Few United fans, bar those still doe-eyed about an albeit stunning derby-winner, will break out the champagne for horse-owner-cum-footballer Owen’s return to Fergie’s team. Not least while the infinitely more talented Dimitar Berbatov cannot force his way into Ferguson’s squad, let alone first team plans.
Yet, Owen has designs on further time at Old Trafford – a prospect that will bring no cheer to supporters hoping that Berbatov will be replaced in the United squad this summer by a player of equal or greater talent. No matter how inexpensive, surely Owen’s is a squad place better reserve for almost anybody else.
“In life, you have to make hard decisions I have made some good ones and some bad, but in general terms I am pretty proud of my career,” said the 32-year-old on Tuesday.
“I still think I have another two or three years but where that will be is a question that the manager would be better placed to answer. I am exactly the same situation I was last year. Regardless what happens, you will never hear me grumbling about the privilege of playing at a top club like Manchester United.
“I have had some cracking moments. I have scored in cup finals, got the winner against Manchester City, scored a hat-trick in the Champions League and won the league. I am not concerned about what is around the corner.”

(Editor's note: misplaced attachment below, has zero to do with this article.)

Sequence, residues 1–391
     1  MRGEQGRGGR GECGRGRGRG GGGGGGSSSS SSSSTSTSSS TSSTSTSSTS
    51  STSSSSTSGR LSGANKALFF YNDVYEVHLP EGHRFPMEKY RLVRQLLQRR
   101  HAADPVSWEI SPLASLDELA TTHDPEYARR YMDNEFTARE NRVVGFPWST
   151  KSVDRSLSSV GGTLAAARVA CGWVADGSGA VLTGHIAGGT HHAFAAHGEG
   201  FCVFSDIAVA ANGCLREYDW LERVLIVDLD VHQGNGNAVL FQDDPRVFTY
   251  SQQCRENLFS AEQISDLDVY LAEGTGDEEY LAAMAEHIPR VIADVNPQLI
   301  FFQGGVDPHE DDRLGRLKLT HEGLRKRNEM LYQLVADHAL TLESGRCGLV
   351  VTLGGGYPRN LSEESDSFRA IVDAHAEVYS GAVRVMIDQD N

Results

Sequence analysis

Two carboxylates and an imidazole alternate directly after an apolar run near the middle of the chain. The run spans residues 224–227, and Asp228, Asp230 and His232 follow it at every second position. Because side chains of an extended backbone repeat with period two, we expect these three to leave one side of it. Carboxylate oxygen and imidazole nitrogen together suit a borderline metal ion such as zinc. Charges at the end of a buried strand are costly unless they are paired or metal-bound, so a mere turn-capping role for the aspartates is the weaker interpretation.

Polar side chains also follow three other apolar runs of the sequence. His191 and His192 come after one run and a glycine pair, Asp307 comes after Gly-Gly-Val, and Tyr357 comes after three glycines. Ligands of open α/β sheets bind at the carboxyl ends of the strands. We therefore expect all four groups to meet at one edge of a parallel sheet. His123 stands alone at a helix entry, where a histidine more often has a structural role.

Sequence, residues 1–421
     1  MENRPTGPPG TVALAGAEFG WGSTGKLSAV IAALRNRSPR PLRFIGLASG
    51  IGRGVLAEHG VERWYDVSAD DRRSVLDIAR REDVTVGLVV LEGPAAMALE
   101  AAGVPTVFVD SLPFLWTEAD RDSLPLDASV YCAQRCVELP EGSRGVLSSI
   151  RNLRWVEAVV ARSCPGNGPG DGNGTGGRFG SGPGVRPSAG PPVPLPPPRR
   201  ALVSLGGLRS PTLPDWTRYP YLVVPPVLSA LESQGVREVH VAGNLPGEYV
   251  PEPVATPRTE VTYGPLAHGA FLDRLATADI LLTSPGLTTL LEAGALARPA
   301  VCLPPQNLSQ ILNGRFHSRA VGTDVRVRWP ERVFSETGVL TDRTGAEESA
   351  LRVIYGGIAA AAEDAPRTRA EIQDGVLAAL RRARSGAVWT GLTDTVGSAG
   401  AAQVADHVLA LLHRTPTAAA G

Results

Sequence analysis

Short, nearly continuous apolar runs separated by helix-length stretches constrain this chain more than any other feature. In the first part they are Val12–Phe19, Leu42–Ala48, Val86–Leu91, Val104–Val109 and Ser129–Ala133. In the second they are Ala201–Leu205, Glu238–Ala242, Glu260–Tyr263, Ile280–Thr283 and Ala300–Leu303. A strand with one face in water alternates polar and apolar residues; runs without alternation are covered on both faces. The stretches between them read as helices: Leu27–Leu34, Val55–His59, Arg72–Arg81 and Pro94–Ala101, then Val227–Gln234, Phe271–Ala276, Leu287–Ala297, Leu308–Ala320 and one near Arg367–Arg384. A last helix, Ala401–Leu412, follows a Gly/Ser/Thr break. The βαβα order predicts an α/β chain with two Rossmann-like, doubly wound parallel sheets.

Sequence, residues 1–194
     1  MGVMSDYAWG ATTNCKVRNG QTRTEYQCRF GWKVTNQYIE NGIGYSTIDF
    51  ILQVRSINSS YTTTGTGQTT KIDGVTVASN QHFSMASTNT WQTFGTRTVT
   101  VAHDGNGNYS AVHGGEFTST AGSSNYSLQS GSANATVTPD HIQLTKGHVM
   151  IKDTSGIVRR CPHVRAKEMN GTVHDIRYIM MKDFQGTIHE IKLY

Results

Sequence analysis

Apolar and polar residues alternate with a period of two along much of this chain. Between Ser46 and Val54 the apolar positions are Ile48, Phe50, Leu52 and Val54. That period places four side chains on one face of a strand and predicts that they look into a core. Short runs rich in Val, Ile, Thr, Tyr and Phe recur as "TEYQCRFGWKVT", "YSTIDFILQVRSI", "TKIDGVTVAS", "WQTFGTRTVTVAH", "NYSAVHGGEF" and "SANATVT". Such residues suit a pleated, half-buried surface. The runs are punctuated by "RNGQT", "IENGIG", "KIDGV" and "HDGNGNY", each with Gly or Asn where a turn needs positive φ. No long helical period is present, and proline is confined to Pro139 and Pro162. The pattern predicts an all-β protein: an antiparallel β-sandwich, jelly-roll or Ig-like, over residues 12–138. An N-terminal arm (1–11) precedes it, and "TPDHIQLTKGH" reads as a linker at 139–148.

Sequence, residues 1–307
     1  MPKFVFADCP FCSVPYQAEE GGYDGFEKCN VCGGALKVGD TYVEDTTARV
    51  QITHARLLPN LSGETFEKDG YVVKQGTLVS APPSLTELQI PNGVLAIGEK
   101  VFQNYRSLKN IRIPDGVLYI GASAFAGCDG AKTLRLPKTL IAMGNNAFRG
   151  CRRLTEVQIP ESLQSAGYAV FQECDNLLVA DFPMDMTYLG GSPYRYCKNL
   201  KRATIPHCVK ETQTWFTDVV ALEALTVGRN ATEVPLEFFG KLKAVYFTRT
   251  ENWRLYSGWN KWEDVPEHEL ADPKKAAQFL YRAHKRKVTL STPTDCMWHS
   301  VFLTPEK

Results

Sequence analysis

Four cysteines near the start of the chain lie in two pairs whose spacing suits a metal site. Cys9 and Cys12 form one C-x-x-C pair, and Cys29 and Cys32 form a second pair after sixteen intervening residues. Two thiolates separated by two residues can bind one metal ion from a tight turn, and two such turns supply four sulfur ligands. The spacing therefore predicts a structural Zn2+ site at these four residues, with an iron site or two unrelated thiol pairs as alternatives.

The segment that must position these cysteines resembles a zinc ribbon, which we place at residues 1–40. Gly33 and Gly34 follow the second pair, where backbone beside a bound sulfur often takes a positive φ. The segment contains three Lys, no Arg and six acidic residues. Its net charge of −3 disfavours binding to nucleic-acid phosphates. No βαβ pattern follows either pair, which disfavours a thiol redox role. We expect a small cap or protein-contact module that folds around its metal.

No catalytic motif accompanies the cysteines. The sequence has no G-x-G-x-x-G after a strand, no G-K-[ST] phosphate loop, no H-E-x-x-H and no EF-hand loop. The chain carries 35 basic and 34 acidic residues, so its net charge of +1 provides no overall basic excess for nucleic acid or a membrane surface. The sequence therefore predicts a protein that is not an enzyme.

One scenario has Ferguson using the veteran as a fourth-choice next season, with the Glazer family restricting Ferguson’s ability to enter the transfer market. Indeed, it is unlikely the Scot has more than £30 million to spend, with United’s long-mooted IPO now on hold until at least the autumn, and possibly moving venue away from the under-performing Singapore Stock Exchange.
Owen believes he is still fit to perform at the highest level, whether at Old Trafford or elsewhere. Just as the player once, quite laughably, denied he has ever been injury-prone, Owen is still seemingly blind to his own decline.
“I must admit, I don’t think I am going to be one of the players who is still playing when they are 37 or 38 like Ryan, but I certainly think I still have another two or three years left in me,” added the Chester-born striker.
“I listen to players in the dressing room; some players are struggling to get out of bed and complain about their knees or Achilles. I honestly can’t resonate with them. I never get any pains like that. I feel as though I can play, it’s just when I get injuries, they always seem to be bad ones. My body feels as though it can play and my mind wants to and the aim is to keep going for at least another couple of years.”
Owen’s continued presence in football will certainly be a loss to the horse-racing fraternity, which if the player’s Twitter account is any barometer, is his true passion.
In any case, fitness concerns and (lack of) goalscoring performances aside, Owen’s place at Old Trafford has rarely been a natural fit. Despite that derby-day strike, a former-Liverpool man, whose passionate response to scoring against United so enthralled the Kop faithful, was never likely to become an Old Trafford hero.
Few will shed a tear should Ferguson finally discard the striker this summer; many will drop if Owen keeps the coveted number seven shirt for a fourth campaign.